Special to the Denisonian

Walking into a dining hall is essentially equivalent to walking into the ocean. As soon as you are too far in, you start panicking; everything is murky, there are sharks, you know you don’t belong there, and everything is salty for some reason.  Of course I’m referring here to the anxiety inducing phenomenon of cafeteria etiquette. Especially to the new student, the dining hall presents a number of horrifying suggestions: finding where to actually obtain food, attempting to form even the flimsiest of bonds with someone you might be able to sit with, and later failing to produce coherent sentences while consuming the food you’ve managed to find.

Despite how intriguing this rather comical display may appear, there remains one truly difficult fish amongst this sea of starving students: the person who sits alone. Usually this student bypasses all attempts to make social connections and immediately seeks an empty table. Despite the speeches about reaching out and finding new friends, they can’t quite make themselves do it. However, they come in much more variegated forms than that. Often times they just want to get some work done, check the news, or think undisturbed. But, someone who is alone can be seen as socially anxious, misanthropic, narcissistic, uninterested, or arrogant. Alternatively, they can be ignored entirely. To avoid judgement altogether, however, would be counterproductive. Instead, consciously acknowledge your immediate perception but allow for other possibilities as well. If you are thinking about sitting with them, take in their behavior toward the rest of the dining hall. Make a decision about sitting with them if they look receptive. Challenge yourself to take the gamble and possibly make a new friend.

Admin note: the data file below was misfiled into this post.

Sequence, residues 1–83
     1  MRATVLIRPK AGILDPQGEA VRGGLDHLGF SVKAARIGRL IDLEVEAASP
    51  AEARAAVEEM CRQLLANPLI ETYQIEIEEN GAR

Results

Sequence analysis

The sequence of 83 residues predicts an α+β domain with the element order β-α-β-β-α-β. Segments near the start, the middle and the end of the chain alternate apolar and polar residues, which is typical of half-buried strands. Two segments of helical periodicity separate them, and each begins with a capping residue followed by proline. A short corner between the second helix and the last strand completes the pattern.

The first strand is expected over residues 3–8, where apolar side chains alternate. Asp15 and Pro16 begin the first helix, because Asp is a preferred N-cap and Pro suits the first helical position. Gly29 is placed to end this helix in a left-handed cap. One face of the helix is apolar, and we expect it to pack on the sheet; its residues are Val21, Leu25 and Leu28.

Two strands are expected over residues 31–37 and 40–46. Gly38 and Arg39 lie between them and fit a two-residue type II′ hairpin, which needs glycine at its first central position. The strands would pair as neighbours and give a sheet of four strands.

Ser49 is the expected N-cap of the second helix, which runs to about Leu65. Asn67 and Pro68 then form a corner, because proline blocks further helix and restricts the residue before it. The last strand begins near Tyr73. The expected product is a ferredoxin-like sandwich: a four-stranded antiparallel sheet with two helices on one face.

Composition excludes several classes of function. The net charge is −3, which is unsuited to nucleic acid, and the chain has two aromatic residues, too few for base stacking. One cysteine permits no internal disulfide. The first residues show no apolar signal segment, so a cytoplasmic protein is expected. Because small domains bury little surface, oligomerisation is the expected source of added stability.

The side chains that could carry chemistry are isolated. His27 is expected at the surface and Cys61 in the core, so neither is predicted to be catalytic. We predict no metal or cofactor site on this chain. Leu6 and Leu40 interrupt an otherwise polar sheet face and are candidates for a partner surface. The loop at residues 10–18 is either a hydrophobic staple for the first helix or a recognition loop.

But what if you are the loner? Especially the kind that finds the social vastness of a cafeteria daunting? Well, I could tell you to start eating breakfast at exactly 7:45am, lunch at 2:00pm, and have a dinner of peanut butter and pretzels in your dorm. But instead I would challenge you to find another loner in the cafeteria, because they are consistently present. Even if they are buried behind a laptop or a book, sit at the same table, begin to experience even the subtlest camaraderie. If you like, challenge yourself to eat at noon at least once a week and ask someone what their major is every once in awhile.

The cafeteria loner is a complicated creature, which I have both been and contemplated when I happen into the position of social security. Therefore, I leave you with this: if you sit with a group of people every day, try to find a receptive loner to invite over or just actively decide not to pity or judge those who appear walled to the world. And if you are the loner, let a spark of courage guide you to a table already swarming with people or simply enjoy the placidity of thought or the morning Twitter feed scrolling by your fingertips as the busy ocean of Denison murmurs around you.

Madison Luken ‘20 is a physics and English literature double major from Cincinnati, Ohio.